It didn’t have the means for tears, however it may try.

It hadn’t been designed to weep or mourn or even sigh.

 

It held his body to its breast and danced a gentle sway.

The music stopped, the Thing still moved in a tender, loving way

Until the gears at last wound down, and the last click died away.

 

 

Daily Prompt: Ghost

via Daily Prompt: Ghost

THE WHITE SPIRIT

Thanks to this prompt, I’m reposting another early Dubious Magic story, set during the early events of Book 1: The Wizard of Waramanga – in which Wilko gets a little foretaste of the weirdness he’ll come to know around John B. Stewart.

It had been an unexpectedly successful weekend for both of them, right up until very recently.

John B. Stewart and Robert ‘Wilko’ Wilkes were a pair of fairly ordinary Canberra public servants. Except for John B. having magical powers ever since he’d hit his head on a poker machine.

The Tasmanian Wilko didn’t believe a word of that story, no matter how earnestly John B. tried to convince him that his wishes now came true. Not always predictably, he would admit, but results happened.

What they did agree on was a fondness for a game of golf. When the chance arose to play in a social tournament in a little country club a few hours drive west of Canberra, they’d agreed it seemed a good way to spend a couple of days.

“It’s your turn to have a few drinks, mate,” John B. had said. “We’ll take Kraven and I’ll drive us home.”

Kraven was Stewart’s battered but well-loved old Hillman Hunter. Wilko had been slightly concerned – the old car had been the recipient of some of his friend’s rather dodgy ‘running repairs’, but the offer was generous and the Hunter did seem to be reliable at the moment.

The golf had gone remarkably well. John B. had won a ‘nearest to the pin’ prize on Saturday, and Wilko had gone from a decent Saturday to a terrific Sunday, becoming the upset winner of the overall competition.

It wasn’t a great financial windfall, but it was a nice trophy and a few extra dollars to put over the clubhouse bar. So it was rather later than they’d originally intended when they finally waved their farewells and headed east.

John B. had been as good as his word and had very little to drink. A couple of good single malts spread over the hours, interspersed with plenty of soda water. He was tired, though. Sharing a hotel room with Wilko was challenging. The Tasmanian was a heavy sleeper, and completely oblivious to his own snoring. John B. wasn’t so lucky.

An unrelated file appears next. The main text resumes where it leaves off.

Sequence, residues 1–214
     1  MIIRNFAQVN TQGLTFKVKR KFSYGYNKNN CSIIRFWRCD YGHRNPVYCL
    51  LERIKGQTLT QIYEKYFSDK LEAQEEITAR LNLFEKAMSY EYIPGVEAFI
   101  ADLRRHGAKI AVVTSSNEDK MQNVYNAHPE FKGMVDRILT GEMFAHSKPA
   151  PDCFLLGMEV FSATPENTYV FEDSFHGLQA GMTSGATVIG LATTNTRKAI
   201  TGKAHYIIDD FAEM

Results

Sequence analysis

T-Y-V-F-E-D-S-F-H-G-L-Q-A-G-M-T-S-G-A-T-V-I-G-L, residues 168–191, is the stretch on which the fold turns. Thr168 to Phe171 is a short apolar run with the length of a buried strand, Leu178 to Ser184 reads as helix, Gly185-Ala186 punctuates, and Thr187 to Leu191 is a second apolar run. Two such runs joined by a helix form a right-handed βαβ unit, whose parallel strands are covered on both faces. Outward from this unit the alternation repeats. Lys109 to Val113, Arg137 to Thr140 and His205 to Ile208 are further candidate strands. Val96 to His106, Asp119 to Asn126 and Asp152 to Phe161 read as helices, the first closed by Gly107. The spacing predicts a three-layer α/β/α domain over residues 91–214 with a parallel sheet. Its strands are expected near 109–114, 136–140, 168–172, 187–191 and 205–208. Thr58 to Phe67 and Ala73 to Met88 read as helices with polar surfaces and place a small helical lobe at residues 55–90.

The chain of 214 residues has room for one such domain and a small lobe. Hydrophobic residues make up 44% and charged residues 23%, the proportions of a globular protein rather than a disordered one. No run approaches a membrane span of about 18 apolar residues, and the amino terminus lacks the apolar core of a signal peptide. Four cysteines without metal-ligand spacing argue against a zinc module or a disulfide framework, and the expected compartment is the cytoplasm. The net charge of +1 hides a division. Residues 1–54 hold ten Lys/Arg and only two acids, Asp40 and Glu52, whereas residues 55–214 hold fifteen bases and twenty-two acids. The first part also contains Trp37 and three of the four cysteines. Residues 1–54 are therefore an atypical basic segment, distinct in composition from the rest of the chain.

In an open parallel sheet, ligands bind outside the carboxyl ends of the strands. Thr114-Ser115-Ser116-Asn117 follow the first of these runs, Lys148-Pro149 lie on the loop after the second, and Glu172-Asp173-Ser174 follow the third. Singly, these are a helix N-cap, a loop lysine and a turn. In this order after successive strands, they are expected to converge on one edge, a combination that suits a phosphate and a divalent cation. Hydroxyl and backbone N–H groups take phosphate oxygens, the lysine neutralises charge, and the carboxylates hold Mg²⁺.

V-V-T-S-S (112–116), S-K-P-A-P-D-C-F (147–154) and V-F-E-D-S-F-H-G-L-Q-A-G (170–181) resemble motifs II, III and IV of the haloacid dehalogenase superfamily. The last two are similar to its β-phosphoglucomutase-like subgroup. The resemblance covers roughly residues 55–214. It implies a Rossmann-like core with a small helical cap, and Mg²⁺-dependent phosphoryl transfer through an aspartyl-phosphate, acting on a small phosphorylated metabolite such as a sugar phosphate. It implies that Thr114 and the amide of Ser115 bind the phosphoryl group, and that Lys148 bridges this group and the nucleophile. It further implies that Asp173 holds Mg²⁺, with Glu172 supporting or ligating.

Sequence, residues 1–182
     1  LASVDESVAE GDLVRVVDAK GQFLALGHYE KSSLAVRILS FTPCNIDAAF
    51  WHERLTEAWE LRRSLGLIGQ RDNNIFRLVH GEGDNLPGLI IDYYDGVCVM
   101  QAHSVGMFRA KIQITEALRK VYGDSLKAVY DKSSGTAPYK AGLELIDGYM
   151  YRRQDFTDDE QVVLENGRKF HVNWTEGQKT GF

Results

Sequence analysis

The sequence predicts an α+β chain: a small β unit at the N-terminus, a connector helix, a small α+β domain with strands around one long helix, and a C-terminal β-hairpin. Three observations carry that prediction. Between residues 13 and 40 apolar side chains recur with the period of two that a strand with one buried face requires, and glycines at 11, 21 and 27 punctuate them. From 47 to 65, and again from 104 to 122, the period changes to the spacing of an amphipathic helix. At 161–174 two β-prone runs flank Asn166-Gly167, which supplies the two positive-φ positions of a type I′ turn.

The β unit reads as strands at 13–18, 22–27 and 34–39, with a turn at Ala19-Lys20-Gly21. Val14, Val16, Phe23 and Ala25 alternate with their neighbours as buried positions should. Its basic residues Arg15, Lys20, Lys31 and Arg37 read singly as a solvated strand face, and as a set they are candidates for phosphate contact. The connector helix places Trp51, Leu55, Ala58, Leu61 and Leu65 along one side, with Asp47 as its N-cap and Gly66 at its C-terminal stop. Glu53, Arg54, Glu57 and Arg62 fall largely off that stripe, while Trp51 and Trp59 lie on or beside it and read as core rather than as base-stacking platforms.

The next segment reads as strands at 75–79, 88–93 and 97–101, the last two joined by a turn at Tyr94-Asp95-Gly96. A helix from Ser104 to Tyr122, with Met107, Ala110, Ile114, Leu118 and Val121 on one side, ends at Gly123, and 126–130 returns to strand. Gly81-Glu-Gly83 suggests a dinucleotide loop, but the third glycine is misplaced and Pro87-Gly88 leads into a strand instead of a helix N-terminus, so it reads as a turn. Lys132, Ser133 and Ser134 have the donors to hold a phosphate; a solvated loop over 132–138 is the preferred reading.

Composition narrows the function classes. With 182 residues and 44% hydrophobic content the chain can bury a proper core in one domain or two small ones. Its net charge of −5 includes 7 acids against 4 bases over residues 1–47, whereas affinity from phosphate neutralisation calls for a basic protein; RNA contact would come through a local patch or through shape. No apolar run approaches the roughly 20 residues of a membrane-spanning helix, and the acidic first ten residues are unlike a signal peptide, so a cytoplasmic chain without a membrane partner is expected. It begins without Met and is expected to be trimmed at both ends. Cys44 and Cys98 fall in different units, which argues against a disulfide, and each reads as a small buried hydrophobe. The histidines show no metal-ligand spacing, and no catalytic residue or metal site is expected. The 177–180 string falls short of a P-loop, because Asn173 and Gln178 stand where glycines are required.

The sun was well down as the Hillman trundled along the road. It wasn’t a well-finished surface, and the ride was a bumpy one.

It was one particularly bad pothole that had been the cause of the sudden change in their fortunes. Kraven’s front left wheel had hit hard, the car had bounced and landed heavily. When it did, all the lights went out.

Continue reading Daily Prompt: Ghost

ROCK Part 2

This is longer than my usual ‘short’ story.  If you haven’t read the earlier part, I really suggest you go to ROCK Part 1.  Otherwise, this one may be a little harder to follow than you’d like!

The scene is the Gibraltar fortress in WW2.  The two Abwehr saboteurs – Ulises Lope Guiomar and Gonzalo Olegario, having killed a US soldier, have just avoided being discovered by the Black Watch corporal ‘Braw Wullie’ McEwen and his simian companion ‘Hairy Wullie’ – a most unusual Barbary macaque.

Renoir and Hairy Wullie
Renoir (left) and a Barbary macaque

Ulises jumped down from the back of the truck. “Thanks, buddy,” he said, already taking on the accent he’d learned in southern California.

With the brisk step he’d adopted, he stepped smartly across the parade ground, carefully not following the Scottish corporal and the monkey. He was startled when a sergeant major from one of the engineering companies shouted at him.

“You there! Soldier! Get your hair cut!” the pompous RSM ordered.

Guiomar stopped in his tracks and saluted perfectly. “Yes sir! Right you are, sir! As soon as I get off duty, sir!”

“See that you do!” The officer gave a curt nod and continued on his way.

Gonzalo Olegario realised he’d been holding his breath as he watched the little exchange. The soldier who’d just come over to buy some oranges looked at him in concern. “Are you okay, mate?” he asked in a voice that might have just left the East End of London.

“Eh? Oh, si. Sorry, senor. I was distracted by one of the apes – no, monkeys they are, si?”Hairy Wullie close

The Londoner laughed. “You’ve been talking to that mad coot McEwen, haven’t you? Don’t worry about the monkeys mate – you get used to ‘em around here. They’re harmless, if you keep an eye on ‘em.”

Ulises had been much less concerned than Gonzalo. He moved and worked with absolute confidence, an air that gave nobody any cause to doubt that he was the GI he presented himself to be.

There were a number of entrances to the tunnel complex in the section of the Rock that he was approaching. He selected one that had a numeral 5 on a small sign mounted on the rock face. A British soldier was guarding the tunnel entrance – a man that Guiomar was confident had not been among his customers and thus would have no chance of recognizing him.

He saluted the guard and said, “Been ordered to HQ”.

The rifleman gave him a wry smile and replied, “You’ve picked the long way, matey. You oughta use Tunnel Number 7. More direct. Take you a good three quarters of a mile or more, this one.”

Guiomar squared his shoulders and offered a practiced smile. “Reckon I need the exercise,” he said.

“Suit yourself, matey,” said the guard and waved him on his way.

As soon as he was well inside past the guard the Spaniard broke into a run. He was remarkably quiet for a man in heavy boots inside a tunnel. He’d spent a lot of time practicing a running style that saw him seemingly glide, rather than slamming his feet to the ground.